Democrats reveal details of LePage’s $38 million tax plan

Two Democratic representatives who say they’re tired of Gov. Paul LePage’s administration concealing from the public how he wants to pay for a $38 million tax conformity bill revealed Thursday to the Bangor Daily News what they say he has proposed.

The Republican governor’s administration declined to answer questions from the BDN on Thursday about the proposal — including why it hasn’t been publicly released — though it said details had been shared with legislative leaders of both parties.

“Democrat leadership has been briefed by the administration staff as recently as last week,” said LePage spokeswoman Adrienne Bennett. “Democrats have a choice: they may continue to make a mockery of themselves by denying they have details or they may do the right thing, which will demonstrate they have in mind the best interests of Maine taxpayers and businesses.”

Democratic and Republican leaders wouldn’t share LePage’s proposal with the BDN, either. Senate Minority Leader Justin Alfond, D-Portland, said it’s the administration’s responsibility to inform the public how it proposes to spend public tax dollars.

“It’s outrageous that this administration is withholding this information from the public,” he said. “This is not a drop in the bucket, either. It’s $38 million of taxpayer money that’s being hidden.”

But Alfond also declined to make public any details.

Rep. Adam Goode of Bangor, who co-chairs the Taxation Committee, and Rep. Gay Grant of Gardiner, an Appropriations Committee member, said neither leaders of their caucus nor the LePage administration authorized them to talk publicly about the package, which would offset the cost of providing tax breaks to Mainers — mostly small businesses and corporations — which align with tax code changes made late last year by Congress.

On Wednesday, Democrats and one Republican on the Taxation Committee voted to table LePage’s bill, triggering a battle of words between the governor and lawmakers.

“I did not come to this session or to the work session the other day with the intention of holding up conformity,” Goode said. “I want to pass conformity and I think it’s probably in everybody’s best interests to get it passed and passed soon. If the department and the administration would share the sources of funding that they have identified on mic and answer basic questions, it would be done.”

Goode said his information is third-hand from a legislative leader who heard the information from Finance Commissioner Richard Rosen.

Here are a few of the larger chunks of money as explained by Goode:

  • $9.5 million from a tax relief fund created in the Republican-controlled 125th Legislature, which is designed to reduce the income tax.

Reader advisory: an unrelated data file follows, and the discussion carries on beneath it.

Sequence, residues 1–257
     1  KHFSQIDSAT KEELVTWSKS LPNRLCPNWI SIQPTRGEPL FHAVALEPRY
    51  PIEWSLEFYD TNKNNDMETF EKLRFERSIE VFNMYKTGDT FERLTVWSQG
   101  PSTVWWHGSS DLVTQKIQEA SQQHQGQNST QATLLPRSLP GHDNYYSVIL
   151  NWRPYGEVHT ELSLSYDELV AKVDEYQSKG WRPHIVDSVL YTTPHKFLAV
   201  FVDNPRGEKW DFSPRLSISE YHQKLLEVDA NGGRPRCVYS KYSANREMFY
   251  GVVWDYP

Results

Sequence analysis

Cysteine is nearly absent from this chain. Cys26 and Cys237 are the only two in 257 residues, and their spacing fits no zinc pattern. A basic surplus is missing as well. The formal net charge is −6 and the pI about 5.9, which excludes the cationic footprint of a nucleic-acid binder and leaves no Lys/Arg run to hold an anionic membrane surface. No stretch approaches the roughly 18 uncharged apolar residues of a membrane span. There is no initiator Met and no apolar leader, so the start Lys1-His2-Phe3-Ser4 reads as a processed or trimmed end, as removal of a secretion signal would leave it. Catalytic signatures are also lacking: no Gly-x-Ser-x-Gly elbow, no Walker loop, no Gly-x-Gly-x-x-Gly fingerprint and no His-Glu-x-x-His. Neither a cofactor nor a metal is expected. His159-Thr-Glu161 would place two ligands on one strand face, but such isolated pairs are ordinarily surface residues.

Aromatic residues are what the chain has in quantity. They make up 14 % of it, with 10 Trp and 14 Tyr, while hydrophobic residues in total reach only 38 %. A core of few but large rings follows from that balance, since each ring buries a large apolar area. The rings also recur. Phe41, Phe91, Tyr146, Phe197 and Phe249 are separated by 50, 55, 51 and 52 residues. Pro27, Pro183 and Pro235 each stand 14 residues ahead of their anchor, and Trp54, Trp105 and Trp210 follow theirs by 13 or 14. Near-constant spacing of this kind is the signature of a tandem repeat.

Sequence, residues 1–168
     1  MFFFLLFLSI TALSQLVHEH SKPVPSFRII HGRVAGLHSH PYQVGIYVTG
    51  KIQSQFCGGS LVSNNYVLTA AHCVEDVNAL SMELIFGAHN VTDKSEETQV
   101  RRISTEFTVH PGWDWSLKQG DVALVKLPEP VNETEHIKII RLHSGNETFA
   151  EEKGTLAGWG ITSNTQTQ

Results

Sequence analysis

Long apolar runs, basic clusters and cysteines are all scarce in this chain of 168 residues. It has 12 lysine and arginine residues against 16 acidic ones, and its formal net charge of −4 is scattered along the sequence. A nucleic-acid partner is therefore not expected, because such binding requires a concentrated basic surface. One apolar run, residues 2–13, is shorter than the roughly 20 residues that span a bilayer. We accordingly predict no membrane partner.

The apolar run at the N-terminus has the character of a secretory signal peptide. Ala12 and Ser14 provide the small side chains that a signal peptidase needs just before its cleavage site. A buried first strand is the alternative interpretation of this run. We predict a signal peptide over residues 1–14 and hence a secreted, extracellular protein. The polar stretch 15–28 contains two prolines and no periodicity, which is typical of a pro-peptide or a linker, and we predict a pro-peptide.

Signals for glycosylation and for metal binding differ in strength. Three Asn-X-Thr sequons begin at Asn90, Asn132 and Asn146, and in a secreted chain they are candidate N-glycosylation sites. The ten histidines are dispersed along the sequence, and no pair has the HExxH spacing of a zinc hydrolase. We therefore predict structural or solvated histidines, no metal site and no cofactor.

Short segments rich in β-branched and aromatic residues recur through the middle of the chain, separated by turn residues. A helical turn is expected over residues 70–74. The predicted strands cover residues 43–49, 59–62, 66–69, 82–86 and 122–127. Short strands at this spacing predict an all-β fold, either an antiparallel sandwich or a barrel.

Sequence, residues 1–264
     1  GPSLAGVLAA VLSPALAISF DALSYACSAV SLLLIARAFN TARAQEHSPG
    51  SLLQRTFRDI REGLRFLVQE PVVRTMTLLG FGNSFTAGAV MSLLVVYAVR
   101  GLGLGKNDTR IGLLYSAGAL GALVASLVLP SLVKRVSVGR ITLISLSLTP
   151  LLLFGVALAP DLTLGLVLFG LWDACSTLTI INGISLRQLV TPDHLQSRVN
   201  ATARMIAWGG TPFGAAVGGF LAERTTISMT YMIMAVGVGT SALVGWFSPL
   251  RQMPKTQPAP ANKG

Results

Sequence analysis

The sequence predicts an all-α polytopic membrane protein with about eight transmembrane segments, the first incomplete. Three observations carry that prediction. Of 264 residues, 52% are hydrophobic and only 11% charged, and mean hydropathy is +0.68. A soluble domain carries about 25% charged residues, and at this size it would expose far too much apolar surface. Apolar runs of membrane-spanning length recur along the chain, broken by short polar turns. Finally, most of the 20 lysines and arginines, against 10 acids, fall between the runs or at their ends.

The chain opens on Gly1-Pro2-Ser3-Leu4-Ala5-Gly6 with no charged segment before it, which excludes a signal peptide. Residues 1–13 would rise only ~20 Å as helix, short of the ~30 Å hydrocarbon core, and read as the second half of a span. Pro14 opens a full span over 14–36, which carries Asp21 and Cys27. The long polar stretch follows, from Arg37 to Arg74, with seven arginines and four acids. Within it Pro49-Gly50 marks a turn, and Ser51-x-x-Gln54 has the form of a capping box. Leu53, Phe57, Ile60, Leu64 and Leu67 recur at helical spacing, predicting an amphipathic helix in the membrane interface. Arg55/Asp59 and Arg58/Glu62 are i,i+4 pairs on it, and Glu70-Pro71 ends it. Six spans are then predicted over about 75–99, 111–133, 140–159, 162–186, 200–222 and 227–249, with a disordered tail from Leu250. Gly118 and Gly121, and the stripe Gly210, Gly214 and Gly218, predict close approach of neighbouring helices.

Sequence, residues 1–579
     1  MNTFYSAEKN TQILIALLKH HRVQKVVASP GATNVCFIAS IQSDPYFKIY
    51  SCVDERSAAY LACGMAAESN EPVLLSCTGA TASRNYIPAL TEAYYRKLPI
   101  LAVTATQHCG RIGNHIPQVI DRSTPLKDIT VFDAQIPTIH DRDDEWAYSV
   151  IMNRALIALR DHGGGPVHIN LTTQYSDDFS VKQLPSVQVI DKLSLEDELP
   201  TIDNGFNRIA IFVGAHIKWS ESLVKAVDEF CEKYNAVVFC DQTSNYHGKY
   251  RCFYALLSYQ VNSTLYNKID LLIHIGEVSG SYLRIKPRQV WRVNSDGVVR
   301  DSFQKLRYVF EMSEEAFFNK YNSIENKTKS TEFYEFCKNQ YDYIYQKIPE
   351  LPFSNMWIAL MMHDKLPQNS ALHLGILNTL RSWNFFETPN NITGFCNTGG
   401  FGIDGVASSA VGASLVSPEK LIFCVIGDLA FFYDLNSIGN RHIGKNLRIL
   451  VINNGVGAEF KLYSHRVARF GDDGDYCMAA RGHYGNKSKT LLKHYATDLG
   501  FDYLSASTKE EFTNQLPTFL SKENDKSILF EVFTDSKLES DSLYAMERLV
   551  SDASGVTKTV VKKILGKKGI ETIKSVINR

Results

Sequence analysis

• $6.1 million from the pool of debt service money in the state treasury.
  • $13.4 million from personal services, which is money the state uses to hire private contractors.
  • $1.4 million in unallocated education money from the casino fund.
  • $3 million from a fund reserved to help municipalities consolidate services; and
  • $4.2 million from unallocated surplus.

How and whether these expenditures would be enacted would be the responsibility of the Appropriations Committee.

“I’m serving on Appropriations and I don’t want to be making public policy based on rumors coming from the second floor or third floor or [the Department of Administration and Finance] or wherever,” Grant said.

Here’s your tax soundtrack. — Christopher Cousins

The Maine GOP’s welfare-tax referendum may be delayed

We’re approaching the Feb. 1 deadline for 2016 citizen initiative campaigns to submit more than 61,000 signatures to the Maine secretary of state’s office, but we’re hearing nothing from the Maine Republican Party.

Party officials are dodging questions about the status of their proposed referendum to lower income taxes and reform welfare. Maine GOP Chairman Rick Bennett has called reaching the signature threshold “a daunting task” because the party only got approval to gather signatures in November, but the measure could still get to the 2017 ballot.

On Wednesday, a reporter called and left a voicemail for Jason Savage, the party’s executive director. He texted back to ask about the nature of the inquiry, then said he was in a meeting and “will look to give you a ring soon,” but never did and didn’t return another message on Thursday.

Bennett also didn’t discuss the signature drive with the Portland Press Herald on Thursday, saying the party is still trying to assess whether it got enough. — Michael Shepherd

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Waka Flocka flames LePage

What a time to be alive and around Maine politics: Rapper Waka Flocka Flame of “No Hands” and “Hard in Da Paint” fame (but the best Waka video is him yelling things without musictweeted a vulgar message to LePage on Thursday.

There was no context given for the tweet, but it may have something to do with racial remarks from the governor earlier this month.

My first thought after seeing this was if there’s going to be a beef now between Waka and Poetris — the rap alias of LePage spokeswoman Adrienne Bennett.

If there is, you’ll read all about it in the Daily Brief. — Michael Shepherd

Michael Shepherd

About Michael Shepherd

Michael Shepherd joined the Bangor Daily News in 2015 after covering state, federal and local issues for the Kennebec Journal for three years. He's a Hallowell native who now lives in Gardiner. He graduated from the University of Maine in 2012 and is a graduate student at the University of Southern Maine's Muskie School of Public Service.